Tuesday, September 30, 2008

you unfriended ME?

I made an interesting discovery last night... I realized I had been unfriended by an old friend on FB, for no apparent reason. 

I'm a big fan of social network maintenance-- I advocate being judicious in accepting requests and periodically weeding. Why? Mainly because it keeps things clean: loud signal, low background noise. 

But in the process of deeply analyzing why this 'friend' decided to cease our relationship, I've been forced to inventory all the reasons others might engage in weeding, or pruning, as Peter Kim calls it.

1. Informational/ Strength of bond - Weeding friends is a method of filtering the potentially massive amounts of information coming in. It allows you to maintain manageable amounts of meaningful chunks of information. To be clear, as a measurement scientist, if I've unfriended you, this is why, with perhaps one exception. 
2. Permissive/ Visibility - Cleansing connections allows you to control who has access to information about you (depending on both privacy settings and platform construction). Was there something about what she's doing now she didn't want me to see? 
3. Identity Claim/ Reputation management - Who you're associated with says a lot about what kind of person you are: your career interests, opinions, beliefs, attitudes, etc. There are a few additional dimensions here too: the quantity of connections might indicate how popular and/or discerning you are, and the 'quality' of the relationships offers clues as to how influential or well-connected you are (and of course the inverse).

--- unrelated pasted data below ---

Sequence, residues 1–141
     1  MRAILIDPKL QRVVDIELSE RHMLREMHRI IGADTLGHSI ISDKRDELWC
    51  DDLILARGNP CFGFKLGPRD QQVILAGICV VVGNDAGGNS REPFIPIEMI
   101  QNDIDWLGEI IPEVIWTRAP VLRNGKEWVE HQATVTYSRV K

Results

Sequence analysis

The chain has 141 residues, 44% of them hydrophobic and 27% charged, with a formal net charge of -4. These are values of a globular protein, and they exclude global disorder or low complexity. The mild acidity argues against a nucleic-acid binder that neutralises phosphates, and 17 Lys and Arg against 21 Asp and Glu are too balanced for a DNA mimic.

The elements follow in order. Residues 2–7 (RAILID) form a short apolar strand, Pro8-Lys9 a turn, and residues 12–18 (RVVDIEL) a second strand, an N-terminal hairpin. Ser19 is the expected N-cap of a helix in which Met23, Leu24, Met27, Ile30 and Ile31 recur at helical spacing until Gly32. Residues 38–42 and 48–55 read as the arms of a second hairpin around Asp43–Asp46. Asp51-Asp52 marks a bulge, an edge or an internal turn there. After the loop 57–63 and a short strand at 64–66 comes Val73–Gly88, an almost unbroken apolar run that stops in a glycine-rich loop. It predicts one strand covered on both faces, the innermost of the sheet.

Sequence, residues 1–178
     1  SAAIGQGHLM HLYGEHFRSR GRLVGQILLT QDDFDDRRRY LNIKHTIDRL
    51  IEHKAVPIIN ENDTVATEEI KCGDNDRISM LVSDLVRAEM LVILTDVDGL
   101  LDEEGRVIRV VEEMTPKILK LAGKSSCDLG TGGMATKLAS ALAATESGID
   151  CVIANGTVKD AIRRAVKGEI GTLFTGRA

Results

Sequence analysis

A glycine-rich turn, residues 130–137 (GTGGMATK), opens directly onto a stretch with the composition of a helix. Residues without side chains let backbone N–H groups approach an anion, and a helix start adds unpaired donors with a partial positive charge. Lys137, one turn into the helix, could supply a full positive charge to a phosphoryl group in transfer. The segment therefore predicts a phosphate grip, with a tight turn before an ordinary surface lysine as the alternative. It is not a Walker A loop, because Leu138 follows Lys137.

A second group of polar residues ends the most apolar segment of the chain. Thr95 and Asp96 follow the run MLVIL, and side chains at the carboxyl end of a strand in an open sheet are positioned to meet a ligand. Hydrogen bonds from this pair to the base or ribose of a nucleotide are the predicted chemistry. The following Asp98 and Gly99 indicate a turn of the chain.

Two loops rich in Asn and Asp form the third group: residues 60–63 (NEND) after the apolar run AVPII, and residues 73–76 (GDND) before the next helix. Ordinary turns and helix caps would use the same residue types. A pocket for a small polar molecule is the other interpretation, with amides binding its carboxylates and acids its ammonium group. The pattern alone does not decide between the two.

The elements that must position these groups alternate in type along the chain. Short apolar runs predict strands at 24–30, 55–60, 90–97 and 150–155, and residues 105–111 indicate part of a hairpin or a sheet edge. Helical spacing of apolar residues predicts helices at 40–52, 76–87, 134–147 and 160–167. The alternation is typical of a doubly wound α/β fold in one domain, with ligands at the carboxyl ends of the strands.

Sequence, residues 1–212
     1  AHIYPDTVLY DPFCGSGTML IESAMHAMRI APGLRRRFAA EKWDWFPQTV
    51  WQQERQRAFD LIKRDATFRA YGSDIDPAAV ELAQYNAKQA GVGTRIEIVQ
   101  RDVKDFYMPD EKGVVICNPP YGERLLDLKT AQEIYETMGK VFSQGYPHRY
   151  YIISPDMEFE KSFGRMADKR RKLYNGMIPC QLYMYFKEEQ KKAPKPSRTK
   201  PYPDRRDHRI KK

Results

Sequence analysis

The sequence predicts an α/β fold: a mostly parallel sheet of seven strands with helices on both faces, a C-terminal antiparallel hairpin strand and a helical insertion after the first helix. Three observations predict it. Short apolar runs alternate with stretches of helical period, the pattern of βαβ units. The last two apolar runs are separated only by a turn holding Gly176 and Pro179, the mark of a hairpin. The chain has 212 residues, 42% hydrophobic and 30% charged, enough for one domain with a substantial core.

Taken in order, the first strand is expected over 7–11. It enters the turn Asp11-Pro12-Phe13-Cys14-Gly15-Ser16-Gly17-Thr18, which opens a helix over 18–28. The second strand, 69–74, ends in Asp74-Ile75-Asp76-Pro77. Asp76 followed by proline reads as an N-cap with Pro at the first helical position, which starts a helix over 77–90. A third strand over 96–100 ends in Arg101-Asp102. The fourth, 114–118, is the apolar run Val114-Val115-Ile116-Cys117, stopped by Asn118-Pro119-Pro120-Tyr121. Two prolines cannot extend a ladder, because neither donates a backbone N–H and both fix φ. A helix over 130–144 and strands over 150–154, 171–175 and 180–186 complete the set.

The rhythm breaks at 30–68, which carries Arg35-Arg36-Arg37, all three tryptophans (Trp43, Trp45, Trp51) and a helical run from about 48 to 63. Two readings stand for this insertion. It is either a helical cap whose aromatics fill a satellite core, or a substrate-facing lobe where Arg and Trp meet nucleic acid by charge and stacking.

What else?

Others, like Clive Thompson, most recently have questioned the meaning of having hundreds of friends on FB, suggesting the technology and low barriers to online 'friendship' challenge Robin Dunbar's original work on network size. Perhaps this article in and of itself was what prompted her to remove her weakest ties (me?)...

But what's most bizarre is my lingering reaction... now 12 hours later, I'm still analyzing a list of potential reasons for being denied access to her doings. It kind of motivates me to want to re-connect. Is unfriending an effective strategy to elicit others to reaffirm the meaningfulness of your relationships? Ahhh reactance...

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